Audio installations by David Byrne, Cornelius, Jeremy Deller, Faultline, Simon Fisher Turner, Elizabeth Fraser, Leila, Roots Manuva, Gillian Wearing, Jane & Louise Wilson: "Shhh... is an 'invisible exhibition' taking you on a sonic journey through the V&A. From the magnificent Raphael Gallery to the grand Victorian stairwells, a diverse group of leading artists and musicians have created unique responses to the objects and spaces in the museum. Pick up your headphones and take part in this unmissable experience."
From the exhibition questionnaire:
Why did you choose your space?
Well, I mostly focused on non-spaces—the parts of a museum that are not focused on very much, but are absolutely essential—the ramps, corridors, stairways and restrooms. At the V&A some of these spaces are particularly beautiful and unique to this building, its situation and its history. For example, there there are incredibly ornate tiled stairways—an ordinary means of conveyance transformed into veritable temples (this one was not available for mounting an infrared trigger, but it inspired me)…the historical (listed!!) handicapped toilet and the various ramps which have obviously been added more recently to make wheelchair access possible. These latter are modern fairly claustrophobic and awkward architectural spaces that are typical of the contemporary desire to make public buildings truly accessible to all. They’re also typical of our retrofitted world, where an awe-inspiring hall filled with a jumble of fake antiquities meets a narrow completely incongruous passageway. It’s great, in other words.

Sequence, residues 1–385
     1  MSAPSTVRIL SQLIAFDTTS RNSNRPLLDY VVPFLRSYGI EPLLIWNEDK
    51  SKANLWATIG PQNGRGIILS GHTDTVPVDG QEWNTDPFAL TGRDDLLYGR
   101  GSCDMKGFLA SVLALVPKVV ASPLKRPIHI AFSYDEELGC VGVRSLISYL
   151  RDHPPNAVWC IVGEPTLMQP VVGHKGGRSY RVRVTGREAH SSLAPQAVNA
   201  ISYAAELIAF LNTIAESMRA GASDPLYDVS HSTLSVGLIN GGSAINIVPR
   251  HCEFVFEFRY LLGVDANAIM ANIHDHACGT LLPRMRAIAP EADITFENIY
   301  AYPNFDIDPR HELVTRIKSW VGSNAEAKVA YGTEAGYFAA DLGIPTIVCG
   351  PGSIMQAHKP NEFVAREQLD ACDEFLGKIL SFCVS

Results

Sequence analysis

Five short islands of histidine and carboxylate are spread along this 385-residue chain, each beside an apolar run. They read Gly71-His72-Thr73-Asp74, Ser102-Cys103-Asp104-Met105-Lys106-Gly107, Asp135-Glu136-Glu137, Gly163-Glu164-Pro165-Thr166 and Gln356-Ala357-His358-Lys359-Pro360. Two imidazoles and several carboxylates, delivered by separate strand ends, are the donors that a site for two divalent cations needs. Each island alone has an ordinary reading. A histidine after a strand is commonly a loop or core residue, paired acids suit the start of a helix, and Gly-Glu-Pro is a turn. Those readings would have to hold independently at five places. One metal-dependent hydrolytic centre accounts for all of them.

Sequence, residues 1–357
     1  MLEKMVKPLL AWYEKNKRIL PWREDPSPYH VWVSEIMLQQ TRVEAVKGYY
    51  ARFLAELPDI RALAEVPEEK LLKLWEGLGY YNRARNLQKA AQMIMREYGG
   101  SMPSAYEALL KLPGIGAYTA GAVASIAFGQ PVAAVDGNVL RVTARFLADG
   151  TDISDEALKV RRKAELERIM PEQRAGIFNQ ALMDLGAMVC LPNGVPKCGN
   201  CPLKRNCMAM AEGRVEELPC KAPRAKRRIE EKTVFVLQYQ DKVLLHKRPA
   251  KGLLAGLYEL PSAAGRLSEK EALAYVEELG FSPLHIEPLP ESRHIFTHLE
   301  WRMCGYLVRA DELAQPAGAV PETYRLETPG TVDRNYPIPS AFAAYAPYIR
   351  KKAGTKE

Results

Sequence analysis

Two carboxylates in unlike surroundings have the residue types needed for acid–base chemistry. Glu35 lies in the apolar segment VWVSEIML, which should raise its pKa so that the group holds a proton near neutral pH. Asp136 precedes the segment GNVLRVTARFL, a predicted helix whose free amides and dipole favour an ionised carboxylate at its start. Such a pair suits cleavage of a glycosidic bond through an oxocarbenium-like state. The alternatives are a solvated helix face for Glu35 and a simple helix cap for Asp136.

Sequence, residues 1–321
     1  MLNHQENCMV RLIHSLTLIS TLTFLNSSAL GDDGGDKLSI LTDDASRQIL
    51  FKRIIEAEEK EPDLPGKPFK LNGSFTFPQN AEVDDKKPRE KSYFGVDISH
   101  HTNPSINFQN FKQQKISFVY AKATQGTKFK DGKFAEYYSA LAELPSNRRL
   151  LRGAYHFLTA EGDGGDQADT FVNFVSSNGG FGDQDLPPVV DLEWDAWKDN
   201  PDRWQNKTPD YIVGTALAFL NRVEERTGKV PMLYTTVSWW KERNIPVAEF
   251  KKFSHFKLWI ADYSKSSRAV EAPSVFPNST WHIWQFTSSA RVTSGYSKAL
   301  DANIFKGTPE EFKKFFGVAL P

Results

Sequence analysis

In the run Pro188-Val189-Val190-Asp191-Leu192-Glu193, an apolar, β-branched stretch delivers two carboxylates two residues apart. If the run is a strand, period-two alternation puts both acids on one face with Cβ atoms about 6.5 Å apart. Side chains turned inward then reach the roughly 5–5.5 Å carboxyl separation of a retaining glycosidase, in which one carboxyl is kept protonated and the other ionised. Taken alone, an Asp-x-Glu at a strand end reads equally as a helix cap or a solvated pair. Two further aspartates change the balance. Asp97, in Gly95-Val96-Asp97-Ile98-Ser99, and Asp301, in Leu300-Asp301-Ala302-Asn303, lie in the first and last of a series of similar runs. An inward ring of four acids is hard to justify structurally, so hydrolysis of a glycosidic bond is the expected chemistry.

How did you get the ideas behind your piece – was it the architecture or objects in the space? Was it the way that the space is used? Was it the acoustics or the feel of the space?
I recorded sounds that would typically be heard in the spaces I focused on—flushing toilets in the loo, dripping taps, footsteps in the ramps and mobile phones that we inevitably hear echoing throughout every architectural space in the world. I recorded these things in situ, and then edited them to become more structured, musical—sometimes adding some singing or “overdubs” of my own. Is that cheating? Sometimes the footsteps and dripping taps became rhythmic beds, inspiring a short tune as if one were hearing it to oneself—inside your head. Which you are—you’re wearing headphones.
What do you want the visitor to experience when listening to your piece?
There’s a little bit of trompe l’oeil audio involved in my pieces—I do hope that someone hearing a mobile phone ring on the recording will turn to see if someone is answering it—or maybe quickly check their own pockets or purses—or someone hearing a recorded toilet flush might believe briefly that there is a person about to emerge from a nearby stall. But I soon break this possible illusion by forming these ambient sounds into musical beds. Art intrudes.
Then, when this artifice becomes obvious, I hope that the effect will be an odd and strange incongruity between the interior private world of a headphone wearer and the sounds and “music” which mix the interior world with the sounds one expects to hear around one. It’s the dislocation that always happens with people like myself who are often listening to their own music in public spaces—we’re in our own world and in a public world at the same time—one might be intimate, interior, emotional, confessional, private—and the other is social and completely democratic. These two seemingly opposite mental spaces exist simultaneously for many of us as part of our daily lives….it’s a weird psychic contradiction that I myself live with daily with but haven’t figured out yet. Like hearing voices, I guess.
Maybe by choosing the material I have I’m making this jarring simultaneity of different worlds obvious and apparent to myself—and to the listener.